Friday, November 17, 2006

No Money, Mo' Problems

(Originally posted on The Old Line.)

The Post reports on the looming budget deficits awaiting Gov.-elect Martin O'Malley and the General Assembly next year:

According to analysts' projections, the state faces a shortfall of $413 million for fiscal 2008, which starts in July. That gap could be closed, lawmakers and fiscal analysts said, with relatively modest spending cuts or by dipping well into the state's "rainy day" fund.

Far more difficult choices are likely to occur in fiscal 2009, when projected spending is expected to exceed projected revenue by $1.6 billion.

The gulf, analysts said, remains largely attributable to major increases in education spending mandated by a 2002 law that was passed without a funding source.

In addition, the slowdown in the housing market is going to take the wind out of the economy, both in Maryland and nationally. And for his part, Bob Ehrlich mainly delayed the inevitable, by raiding funds meant for transportation and land preservation, while benefitting from a fortunate economic climate during his term.

Since there's only so many state programs that can be trimmed, and since O'Malley has a bunch of new policies he wants to fund, the debate is going to focus on how best to raise revenue, which, given the last few years, means talking yet again about slot machines. I had been meaning to comment on O'Malley's slots plan, as reported last week, and I hope that bringing slots just to race tracks will kill enthusiasm for the larger slots programs that Sen. Mike Miller and others have proposed. I've no beef with gambling as such, but as everyone should know, legalizing gambling as a means to raise money basically amounts to a regressive tax, to say nothing about the negative externalities associated with gambling. Unfortunately, something in human nature seems to regard direct taxation, no matter how fair, as distasteful, while not minding more harmful back-door taxes.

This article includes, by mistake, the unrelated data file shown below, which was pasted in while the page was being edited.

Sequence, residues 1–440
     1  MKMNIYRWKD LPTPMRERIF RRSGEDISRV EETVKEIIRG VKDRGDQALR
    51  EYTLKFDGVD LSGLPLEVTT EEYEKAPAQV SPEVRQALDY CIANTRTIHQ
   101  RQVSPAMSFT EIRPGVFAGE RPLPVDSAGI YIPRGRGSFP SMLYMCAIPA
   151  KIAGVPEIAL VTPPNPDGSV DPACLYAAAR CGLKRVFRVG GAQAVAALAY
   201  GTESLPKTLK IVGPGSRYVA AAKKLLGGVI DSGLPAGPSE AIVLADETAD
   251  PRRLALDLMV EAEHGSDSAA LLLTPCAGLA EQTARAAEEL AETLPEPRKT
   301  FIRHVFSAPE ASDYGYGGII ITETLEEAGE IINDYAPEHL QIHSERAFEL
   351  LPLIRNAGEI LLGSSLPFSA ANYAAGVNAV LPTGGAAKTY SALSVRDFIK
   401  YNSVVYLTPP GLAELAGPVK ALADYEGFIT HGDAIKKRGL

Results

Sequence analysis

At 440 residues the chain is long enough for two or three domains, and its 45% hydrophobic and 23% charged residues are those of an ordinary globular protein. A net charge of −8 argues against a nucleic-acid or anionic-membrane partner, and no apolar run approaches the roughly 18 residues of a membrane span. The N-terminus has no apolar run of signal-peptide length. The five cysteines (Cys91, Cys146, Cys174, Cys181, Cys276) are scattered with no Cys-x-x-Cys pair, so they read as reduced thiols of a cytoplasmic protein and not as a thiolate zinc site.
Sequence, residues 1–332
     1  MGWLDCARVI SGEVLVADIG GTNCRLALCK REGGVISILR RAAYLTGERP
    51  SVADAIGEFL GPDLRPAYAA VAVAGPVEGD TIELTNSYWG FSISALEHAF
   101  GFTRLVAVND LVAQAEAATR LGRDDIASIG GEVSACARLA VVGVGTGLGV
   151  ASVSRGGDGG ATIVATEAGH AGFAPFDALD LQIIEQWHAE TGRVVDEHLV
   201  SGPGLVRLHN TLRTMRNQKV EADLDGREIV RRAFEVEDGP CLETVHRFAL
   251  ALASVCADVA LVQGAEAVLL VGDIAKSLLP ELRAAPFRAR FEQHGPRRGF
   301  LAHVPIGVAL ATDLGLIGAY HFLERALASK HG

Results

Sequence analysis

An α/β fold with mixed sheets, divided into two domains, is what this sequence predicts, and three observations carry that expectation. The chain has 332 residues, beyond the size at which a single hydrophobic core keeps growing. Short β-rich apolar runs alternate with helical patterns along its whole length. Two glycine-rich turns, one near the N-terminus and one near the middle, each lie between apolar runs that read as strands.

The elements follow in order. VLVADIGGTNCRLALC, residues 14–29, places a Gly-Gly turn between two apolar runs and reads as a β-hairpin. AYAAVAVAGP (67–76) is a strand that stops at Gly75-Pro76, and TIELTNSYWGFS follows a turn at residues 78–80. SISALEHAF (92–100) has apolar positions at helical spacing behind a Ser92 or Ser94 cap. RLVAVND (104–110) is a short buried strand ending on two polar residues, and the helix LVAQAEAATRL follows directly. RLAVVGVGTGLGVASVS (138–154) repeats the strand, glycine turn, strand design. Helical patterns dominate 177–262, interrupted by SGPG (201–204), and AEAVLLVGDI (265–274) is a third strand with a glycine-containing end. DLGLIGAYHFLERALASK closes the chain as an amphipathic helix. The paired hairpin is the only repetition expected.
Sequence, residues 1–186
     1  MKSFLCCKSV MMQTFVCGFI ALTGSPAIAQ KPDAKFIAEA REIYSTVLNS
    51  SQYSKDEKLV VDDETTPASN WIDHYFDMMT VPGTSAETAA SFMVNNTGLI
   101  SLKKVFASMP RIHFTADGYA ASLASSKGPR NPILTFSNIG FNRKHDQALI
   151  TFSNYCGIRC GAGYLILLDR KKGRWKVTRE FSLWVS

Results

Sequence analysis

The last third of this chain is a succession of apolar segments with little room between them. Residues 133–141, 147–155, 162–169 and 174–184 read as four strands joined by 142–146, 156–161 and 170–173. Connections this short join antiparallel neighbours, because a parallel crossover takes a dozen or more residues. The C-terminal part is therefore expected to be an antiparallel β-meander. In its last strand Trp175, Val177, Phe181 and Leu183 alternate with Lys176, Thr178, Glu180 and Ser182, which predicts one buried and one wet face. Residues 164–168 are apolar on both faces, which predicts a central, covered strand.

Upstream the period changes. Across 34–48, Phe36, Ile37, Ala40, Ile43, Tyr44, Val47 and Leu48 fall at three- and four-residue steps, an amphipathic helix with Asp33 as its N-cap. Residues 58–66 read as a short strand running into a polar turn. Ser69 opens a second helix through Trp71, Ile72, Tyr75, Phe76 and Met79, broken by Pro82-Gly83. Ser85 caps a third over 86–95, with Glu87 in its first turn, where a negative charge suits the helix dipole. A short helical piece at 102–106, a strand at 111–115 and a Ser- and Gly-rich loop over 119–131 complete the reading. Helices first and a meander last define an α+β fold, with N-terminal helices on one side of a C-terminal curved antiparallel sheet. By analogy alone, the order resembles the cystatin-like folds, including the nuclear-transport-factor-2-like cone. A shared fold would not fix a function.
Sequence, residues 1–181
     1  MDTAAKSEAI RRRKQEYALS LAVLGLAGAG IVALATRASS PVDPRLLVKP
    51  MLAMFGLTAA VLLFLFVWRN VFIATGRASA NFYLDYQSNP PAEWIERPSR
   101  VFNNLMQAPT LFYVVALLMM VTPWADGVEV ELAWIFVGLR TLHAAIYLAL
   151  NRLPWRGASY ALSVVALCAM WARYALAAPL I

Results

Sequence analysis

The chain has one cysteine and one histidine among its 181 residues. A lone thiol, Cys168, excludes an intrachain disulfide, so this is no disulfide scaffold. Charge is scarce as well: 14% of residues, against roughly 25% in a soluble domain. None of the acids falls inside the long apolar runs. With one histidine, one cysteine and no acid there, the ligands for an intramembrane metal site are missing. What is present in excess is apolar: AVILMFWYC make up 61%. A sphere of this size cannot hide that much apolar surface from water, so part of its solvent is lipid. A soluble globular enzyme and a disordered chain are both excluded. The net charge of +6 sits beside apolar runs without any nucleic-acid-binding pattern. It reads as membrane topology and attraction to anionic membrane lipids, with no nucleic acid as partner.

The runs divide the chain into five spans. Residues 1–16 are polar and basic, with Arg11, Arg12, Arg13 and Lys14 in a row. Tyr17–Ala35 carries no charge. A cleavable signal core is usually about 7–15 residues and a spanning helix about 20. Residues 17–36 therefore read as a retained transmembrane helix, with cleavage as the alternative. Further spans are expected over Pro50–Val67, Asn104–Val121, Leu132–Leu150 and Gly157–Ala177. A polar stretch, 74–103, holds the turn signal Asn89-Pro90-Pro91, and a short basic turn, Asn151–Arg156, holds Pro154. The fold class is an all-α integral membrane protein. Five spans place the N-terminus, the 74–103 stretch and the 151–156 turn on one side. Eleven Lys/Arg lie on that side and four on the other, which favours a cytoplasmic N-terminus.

Anonymous Anonymous said...

I think there is a proposed $1 increase in the tobacco tax (as a smoker, I think it should be $2-3). That will not be nearly enough of a revenue boost though.

Perhaps someone in DC will do something about NCLB or at least try to give it some meaningful federal funding.

Direct taxes might be the only solution. Of course, Democrats will be blamed, even when the unfunded Republican education mandate is the real revenue eater in the state. Oh well.

11/17/2006 03:57:00 PM  
Blogger Stephanie Dray said...

I actually have no problems with slots or gambling. I do object with slots and gambling being aimed at the poor and less fortunate, but ultimately I'm a civil libertarian. To a certain extent, people have the right to make bad choices.

11/17/2006 06:13:00 PM  
Blogger Rfustero said...

There is usually very little talk about raising the alcohol tax.

It seems that tobaco users are a group to be scorned and punished severly, yet alcohol users get a free pass.

I have not seen too many auto accidents due to people smoking cigarrettes, however - alcohol misuse----

11/17/2006 08:41:00 PM  
Anonymous Anonymous said...

According to a report from the Maryland Comptroller's office in 2004, 2/3 of the large corporations in Maryland pay no corporate income tax to the state.

Corporate income tax receipts have fallen from 13% in 1980 to 7.6% in 2003. Maryland closed one loophole 3 years ago (the infamous Delaware Holding Company loophole), but there are a number of other corporate tax dodges still being used.

If Maryland enacted a reform that 16 other states have adopted called "combined reporting," Maryland could raise close to $200 million annually and close the deficit this year without cutting services or raiding the "rainy day" fund.

11/18/2006 10:28:00 PM  
Blogger Rfustero said...

It has been reported, that if there was a way to tax internet sales,, Maryland could raise an additional 400-600 million dollars in sales tax.

This was an idea that was advocated during the 2002 gubernatorial race, yet no mention was made this year.

11/19/2006 08:07:00 AM  

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